When we think about successful Apple product introductions we think of shiny gadgets, a smiling Steve Jobs saying ‘One more thing…’ and long lines at Apple stores.
Long lines with unhappy customers who have been waiting for hours, days, sometimes even weeks to get their hands on the new iThing.
Last week I tried to get my hands on the iPad 2. It was sold out within 24 hours at every store in The Netherlands. Ordering it online at the Apple store is possible but the delivery time is now 3 to 4 weeks. I did end up ordering it online and the expected delivery date is May 4th.
I ordered it on March 27. That means it takes 38 days before I can expect my new iPad.
That’s 3,283,200 seconds, 54,720 minutes, 912 hours or 5 weeks. (I got time to calculate all of that. I’m waiting for my iPad 2)
38 days? Come on. That is just ridiculous!
You might argue that it just means the iPad is very popular. So popular that Apple can’t manufacture them fast enough? I don’t buy it. With Apple nothing just happens. There are no unforeseen events. Besides, it has been happening so consistently for the past few years that if it would have been accidental I’m sure Steve Jobs, perfectionist as he is, would have fired everybody who would’ve screwed up.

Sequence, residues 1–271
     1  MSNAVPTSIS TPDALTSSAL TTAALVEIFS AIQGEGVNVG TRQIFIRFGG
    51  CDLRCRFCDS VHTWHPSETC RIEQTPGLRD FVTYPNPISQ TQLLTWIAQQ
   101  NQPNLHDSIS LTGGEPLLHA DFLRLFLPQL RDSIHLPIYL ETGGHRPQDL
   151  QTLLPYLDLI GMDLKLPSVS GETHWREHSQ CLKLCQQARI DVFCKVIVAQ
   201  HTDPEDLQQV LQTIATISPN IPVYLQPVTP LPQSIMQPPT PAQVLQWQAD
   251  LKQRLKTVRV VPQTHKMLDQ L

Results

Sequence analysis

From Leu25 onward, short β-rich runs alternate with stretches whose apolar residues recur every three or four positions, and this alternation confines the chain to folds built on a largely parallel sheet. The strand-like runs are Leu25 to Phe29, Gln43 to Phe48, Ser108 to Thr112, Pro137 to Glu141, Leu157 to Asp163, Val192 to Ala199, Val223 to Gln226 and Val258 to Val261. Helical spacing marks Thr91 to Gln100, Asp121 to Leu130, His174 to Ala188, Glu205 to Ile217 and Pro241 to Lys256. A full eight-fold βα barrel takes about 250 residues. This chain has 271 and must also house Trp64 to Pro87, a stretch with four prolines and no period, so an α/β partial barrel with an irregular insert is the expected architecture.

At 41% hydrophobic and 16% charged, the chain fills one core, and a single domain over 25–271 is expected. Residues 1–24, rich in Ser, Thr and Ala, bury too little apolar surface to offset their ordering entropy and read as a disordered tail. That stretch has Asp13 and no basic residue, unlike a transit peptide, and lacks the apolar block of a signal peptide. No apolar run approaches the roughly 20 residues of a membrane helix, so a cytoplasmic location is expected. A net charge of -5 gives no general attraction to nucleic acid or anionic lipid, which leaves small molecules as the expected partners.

And yes, I think Apple is screwing up by not being able to deliver gadgets on time. I can’t imagine it being good that people stand in line for hours and then have to go home empty handed because the store only has products for 10% of those people waiting outside.
Then again, maybe it is. Maybe the extra wait makes us want it even more. Maybe while we wait we talk about it to our friends, out of frustration, and even end up complaining about it in blogposts, on Twitter and on Facebook. Maybe all that extra attention ends up selling more stuff, in the end.
That might be the case, but I predict a backlash. You can’t keep disappointing people who want to get their hands on your products. I know I’m getting increasingly frustrated with this strategy of underproducing. What about you?